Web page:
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Front. Neurol., 14 June 2021 |

Comparison of Neurite Orientation Dispersion and Density Imaging and Two-Compartment Spherical Mean Technique Parameter Maps in Multiple Sclerosis

Daniel Johnson1,2*, Antonio Ricciardi1,3, Wallace Brownlee1, Baris Kanber1,3, Ferran Prados1,3,4, Sara Collorone1, Enrico Kaden5,6, Ahmed Toosy1,7, Daniel C. Alexander5, Claudia A. M. Gandini Wheeler-Kingshott1,8,9, Olga Ciccarelli1,7 and Francesco Grussu1,10
  • 1Department of Neuroinflammation, Faculty of Brain Sciences, Queen Square Multiple Sclerosis (MS) Centre, University College London (UCL) Queen Square Institute of Neurology, University College London, London, United Kingdom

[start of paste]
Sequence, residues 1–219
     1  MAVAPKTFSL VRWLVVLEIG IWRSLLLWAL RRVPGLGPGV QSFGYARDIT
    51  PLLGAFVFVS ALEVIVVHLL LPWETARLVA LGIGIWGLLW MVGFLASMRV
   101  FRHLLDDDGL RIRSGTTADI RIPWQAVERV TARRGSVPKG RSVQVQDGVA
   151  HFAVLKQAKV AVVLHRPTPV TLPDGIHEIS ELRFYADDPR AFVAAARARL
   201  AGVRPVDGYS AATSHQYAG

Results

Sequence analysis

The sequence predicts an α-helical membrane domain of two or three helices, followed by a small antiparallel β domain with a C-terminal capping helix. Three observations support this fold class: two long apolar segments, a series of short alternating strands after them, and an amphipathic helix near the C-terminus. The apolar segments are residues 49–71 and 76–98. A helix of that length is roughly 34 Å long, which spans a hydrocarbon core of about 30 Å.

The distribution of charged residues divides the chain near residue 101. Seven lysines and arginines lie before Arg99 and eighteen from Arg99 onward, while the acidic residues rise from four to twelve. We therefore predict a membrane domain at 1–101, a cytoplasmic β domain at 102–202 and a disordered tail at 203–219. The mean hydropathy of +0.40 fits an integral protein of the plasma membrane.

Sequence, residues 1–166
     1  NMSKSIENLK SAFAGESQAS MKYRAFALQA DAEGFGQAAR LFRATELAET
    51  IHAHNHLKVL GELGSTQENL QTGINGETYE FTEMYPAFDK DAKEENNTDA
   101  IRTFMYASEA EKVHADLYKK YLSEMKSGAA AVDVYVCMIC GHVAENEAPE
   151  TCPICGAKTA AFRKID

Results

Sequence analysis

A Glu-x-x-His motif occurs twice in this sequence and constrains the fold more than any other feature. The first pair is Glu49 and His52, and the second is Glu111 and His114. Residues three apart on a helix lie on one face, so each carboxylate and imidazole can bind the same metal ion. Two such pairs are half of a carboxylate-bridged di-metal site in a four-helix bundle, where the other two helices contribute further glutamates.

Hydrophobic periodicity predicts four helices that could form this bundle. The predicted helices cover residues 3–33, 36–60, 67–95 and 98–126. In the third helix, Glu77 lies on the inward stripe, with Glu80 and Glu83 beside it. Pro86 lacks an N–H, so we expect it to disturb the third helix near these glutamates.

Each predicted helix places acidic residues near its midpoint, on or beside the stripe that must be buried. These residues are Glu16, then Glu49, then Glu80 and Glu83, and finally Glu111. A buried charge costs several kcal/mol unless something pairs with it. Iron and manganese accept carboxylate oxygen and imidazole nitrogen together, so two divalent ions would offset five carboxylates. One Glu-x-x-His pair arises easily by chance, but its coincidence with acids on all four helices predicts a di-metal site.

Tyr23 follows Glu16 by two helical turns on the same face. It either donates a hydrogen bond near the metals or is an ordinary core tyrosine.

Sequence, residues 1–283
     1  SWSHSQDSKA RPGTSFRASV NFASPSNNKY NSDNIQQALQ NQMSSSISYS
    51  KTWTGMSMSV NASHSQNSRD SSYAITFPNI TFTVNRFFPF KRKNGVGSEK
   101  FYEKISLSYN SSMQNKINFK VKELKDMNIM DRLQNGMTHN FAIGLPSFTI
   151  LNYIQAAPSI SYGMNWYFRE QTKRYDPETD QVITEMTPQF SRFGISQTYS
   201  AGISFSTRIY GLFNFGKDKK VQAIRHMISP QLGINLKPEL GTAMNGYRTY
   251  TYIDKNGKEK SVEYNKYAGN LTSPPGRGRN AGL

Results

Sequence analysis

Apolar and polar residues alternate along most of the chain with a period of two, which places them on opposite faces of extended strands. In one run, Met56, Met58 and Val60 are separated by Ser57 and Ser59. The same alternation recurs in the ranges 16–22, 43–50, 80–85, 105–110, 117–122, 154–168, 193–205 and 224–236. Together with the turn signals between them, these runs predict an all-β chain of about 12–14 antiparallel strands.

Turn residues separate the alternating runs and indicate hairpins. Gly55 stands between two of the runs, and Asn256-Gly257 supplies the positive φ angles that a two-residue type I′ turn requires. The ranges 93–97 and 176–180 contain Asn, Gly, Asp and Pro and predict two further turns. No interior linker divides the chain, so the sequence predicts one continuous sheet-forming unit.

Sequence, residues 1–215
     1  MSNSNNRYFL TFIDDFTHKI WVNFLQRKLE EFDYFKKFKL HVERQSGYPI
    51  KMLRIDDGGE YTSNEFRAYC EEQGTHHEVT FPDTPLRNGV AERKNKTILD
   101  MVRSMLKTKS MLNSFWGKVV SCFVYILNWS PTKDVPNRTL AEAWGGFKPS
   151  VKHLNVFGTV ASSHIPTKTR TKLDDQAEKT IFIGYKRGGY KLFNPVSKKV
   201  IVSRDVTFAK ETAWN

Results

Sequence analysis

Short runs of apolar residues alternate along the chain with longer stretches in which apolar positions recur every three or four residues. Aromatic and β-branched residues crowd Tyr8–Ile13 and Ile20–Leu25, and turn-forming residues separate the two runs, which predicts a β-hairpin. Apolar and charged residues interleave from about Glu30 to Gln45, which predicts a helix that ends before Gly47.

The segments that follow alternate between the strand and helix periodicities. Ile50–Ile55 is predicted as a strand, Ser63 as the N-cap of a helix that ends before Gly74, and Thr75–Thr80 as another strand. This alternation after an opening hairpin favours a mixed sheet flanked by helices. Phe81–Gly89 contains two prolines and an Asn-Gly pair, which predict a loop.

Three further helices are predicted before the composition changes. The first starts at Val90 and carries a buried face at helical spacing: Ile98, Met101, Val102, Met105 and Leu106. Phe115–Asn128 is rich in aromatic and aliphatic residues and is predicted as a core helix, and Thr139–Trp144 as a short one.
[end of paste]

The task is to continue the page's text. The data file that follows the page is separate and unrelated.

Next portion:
• 2Addenbrooke's Hospital, Cambridge, United Kingdom
  • 3Department of Medical Physics and Biomedical Engineering, Centre for Medical Image Computing, University College London, London, United Kingdom
  • 4e-Health Centre, Universitat Oberta de Catalunya, Barcelona, Spain
  • 5Department of Computer Science, Centre for Medical Image Computing, University College London, London, United Kingdom
  • 6Great Ormond Street Institute of Child Health, University College London, London, United Kingdom
  • 7National Institute for Health Research (NIHR) University College London Hospitals Biomedical Research Centre, London, United Kingdom
  • 8Department of Brain and Behavioral Sciences, University of Pavia, Pavia, Italy
  • 9Brain Magnetic Resonance Imaging (MRI) 3T Research Centre, Istituto di Ricovero e Cura a Carattere Scientifico (IRCCS) Mondino Foundation, Pavia, Italy